The study, published last month without first going through the typical scientific peer-review process, looked at the drug's use in early stages of treatment and found a higher rate of death among patients who used hydroxychloroquine compared to those who received standard care.
Trump said "people that aren't big Trump fans gave it," providing no evidence to back that claim or what the significance of that was.
On Tuesday, he went further, calling the study “a Trump enemy statement” – again without providing any evidence or reasoning for his assertion, beyond saying the patients involved were "very old, almost dead."
The Food and Drug Administration, among other health authorities, have warned against using hydroxychloroquine to treat COVID-19, alone or in combination with azithromycin.
"Hydroxychloroquine and chloroquine have not been shown to be safe and effective for treating or preventing COVID-19," the agency said on April 24, warning using them could cause an abnormal hearth rhythm that could lead to sudden cardiac death.
Risks "may be mitigated when health care professionals closely screen and supervise these patients such as in a hospital setting or a clinical trial," the FDA said.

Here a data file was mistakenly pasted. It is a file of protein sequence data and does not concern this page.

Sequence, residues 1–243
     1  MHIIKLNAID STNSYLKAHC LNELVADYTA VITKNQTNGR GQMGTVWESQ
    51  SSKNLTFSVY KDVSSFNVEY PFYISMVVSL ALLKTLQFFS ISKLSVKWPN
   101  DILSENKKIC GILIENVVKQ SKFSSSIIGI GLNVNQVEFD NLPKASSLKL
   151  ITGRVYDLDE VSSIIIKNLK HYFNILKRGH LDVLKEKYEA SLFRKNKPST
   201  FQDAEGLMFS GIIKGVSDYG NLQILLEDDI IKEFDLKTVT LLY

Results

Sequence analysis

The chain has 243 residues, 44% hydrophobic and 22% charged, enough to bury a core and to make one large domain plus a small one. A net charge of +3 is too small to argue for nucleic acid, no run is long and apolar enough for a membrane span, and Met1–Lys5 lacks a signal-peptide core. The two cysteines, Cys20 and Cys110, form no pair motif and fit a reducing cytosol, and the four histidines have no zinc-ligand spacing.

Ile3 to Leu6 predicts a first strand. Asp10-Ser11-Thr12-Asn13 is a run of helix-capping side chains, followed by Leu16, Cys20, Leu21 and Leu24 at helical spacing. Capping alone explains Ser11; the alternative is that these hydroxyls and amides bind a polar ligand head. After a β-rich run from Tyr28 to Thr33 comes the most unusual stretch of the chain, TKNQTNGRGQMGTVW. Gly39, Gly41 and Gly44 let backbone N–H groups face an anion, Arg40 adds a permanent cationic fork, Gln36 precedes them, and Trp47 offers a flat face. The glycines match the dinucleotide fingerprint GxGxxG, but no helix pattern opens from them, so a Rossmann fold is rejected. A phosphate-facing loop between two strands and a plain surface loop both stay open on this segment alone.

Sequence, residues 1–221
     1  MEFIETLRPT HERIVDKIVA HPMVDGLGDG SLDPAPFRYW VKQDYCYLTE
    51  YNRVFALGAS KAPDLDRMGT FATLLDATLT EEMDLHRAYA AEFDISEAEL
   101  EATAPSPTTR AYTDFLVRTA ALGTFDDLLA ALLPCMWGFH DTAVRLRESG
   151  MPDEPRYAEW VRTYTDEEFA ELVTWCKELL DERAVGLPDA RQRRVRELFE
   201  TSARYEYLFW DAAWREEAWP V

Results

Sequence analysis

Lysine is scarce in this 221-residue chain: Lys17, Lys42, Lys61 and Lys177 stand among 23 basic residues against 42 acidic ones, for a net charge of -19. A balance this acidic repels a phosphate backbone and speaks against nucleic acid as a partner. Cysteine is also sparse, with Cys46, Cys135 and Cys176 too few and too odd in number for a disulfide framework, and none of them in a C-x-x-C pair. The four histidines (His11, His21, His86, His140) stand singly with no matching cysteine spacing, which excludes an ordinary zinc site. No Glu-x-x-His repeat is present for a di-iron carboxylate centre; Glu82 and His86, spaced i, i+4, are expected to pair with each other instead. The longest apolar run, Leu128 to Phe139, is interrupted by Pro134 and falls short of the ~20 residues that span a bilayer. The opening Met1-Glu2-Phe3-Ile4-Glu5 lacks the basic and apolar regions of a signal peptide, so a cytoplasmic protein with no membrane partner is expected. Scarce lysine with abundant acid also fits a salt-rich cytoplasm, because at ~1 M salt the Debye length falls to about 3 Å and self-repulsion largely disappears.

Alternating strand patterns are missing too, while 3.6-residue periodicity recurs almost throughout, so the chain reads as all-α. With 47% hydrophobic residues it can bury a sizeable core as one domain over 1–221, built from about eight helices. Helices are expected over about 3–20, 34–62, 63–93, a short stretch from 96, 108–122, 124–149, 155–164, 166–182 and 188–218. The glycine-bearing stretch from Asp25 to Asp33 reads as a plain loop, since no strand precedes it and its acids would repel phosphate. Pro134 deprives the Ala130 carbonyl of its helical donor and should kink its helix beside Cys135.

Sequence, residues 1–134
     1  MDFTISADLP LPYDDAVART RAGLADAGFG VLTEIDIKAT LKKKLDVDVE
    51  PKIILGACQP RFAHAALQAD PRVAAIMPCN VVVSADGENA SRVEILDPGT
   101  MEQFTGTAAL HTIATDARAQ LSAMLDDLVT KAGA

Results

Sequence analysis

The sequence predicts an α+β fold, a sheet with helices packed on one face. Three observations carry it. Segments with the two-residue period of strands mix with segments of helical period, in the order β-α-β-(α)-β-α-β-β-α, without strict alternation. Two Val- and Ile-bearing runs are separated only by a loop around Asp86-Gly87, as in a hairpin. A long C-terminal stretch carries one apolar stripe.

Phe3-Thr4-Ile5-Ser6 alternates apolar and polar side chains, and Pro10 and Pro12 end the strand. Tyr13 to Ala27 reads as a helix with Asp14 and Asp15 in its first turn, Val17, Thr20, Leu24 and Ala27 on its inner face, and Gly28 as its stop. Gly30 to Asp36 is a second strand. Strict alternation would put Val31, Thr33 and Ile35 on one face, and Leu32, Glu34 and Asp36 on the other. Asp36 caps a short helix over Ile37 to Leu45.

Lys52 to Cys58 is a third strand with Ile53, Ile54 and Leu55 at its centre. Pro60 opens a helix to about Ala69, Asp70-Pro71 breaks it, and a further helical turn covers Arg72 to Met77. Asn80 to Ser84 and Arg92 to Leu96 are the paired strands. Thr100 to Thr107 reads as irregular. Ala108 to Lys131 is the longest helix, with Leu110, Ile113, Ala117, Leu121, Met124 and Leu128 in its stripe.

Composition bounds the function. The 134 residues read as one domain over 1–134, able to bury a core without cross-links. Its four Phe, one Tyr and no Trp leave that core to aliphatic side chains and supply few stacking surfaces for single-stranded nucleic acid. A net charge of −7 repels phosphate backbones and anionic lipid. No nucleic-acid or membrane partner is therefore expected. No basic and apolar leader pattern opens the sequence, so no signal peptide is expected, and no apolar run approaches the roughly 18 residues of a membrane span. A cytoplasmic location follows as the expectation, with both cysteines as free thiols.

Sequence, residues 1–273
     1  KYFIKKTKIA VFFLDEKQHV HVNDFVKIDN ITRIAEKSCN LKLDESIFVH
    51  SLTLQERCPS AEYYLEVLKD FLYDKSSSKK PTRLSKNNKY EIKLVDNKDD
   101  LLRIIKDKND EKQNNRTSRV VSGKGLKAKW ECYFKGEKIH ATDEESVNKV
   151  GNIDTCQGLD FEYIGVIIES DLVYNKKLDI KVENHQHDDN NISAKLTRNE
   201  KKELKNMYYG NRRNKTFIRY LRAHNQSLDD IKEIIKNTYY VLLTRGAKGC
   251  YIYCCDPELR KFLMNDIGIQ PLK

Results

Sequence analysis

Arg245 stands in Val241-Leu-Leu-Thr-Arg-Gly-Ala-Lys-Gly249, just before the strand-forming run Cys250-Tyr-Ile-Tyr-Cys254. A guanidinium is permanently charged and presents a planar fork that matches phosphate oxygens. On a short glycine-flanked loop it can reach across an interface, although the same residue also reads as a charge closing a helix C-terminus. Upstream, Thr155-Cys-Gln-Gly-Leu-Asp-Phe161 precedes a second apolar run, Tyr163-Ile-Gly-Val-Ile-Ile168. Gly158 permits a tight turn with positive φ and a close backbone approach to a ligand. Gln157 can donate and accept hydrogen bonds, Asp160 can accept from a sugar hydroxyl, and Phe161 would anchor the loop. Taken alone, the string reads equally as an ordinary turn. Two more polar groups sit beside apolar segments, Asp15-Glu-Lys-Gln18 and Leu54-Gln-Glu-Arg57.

Trump ignored the wide scientific consensus that there is, in fact, a potential risk to taking it, when he repeatedly praised the drug again on Thursday afternoon, saying "it doesn't hurt people."
"People are going to have to make up their own mind," he said, speaking to reporters on Capitol Hill.
Medical experts have said Trump’s embrace of an unproven treatment – let alone using it as a prophylactic, also unproven – could prove dangerous.
“There is no need to weigh risks and benefits of hydroxychloroquine use for prevention of COVID-19 because there is no consistently demonstrated benefit” and there are well known health risks, Matthew Heinz, a physician in Tucson, Ariz., who served in the Obama administration, said. Heinz assisted with the U.S. response to Ebola while serving in the U.S. Department of Health and Human Services.
Much as was feared when Trump first started pushing the drug, increased demand could lead to shortages for patients who use it to treat malaria, lupus or rheumatoid arthritis.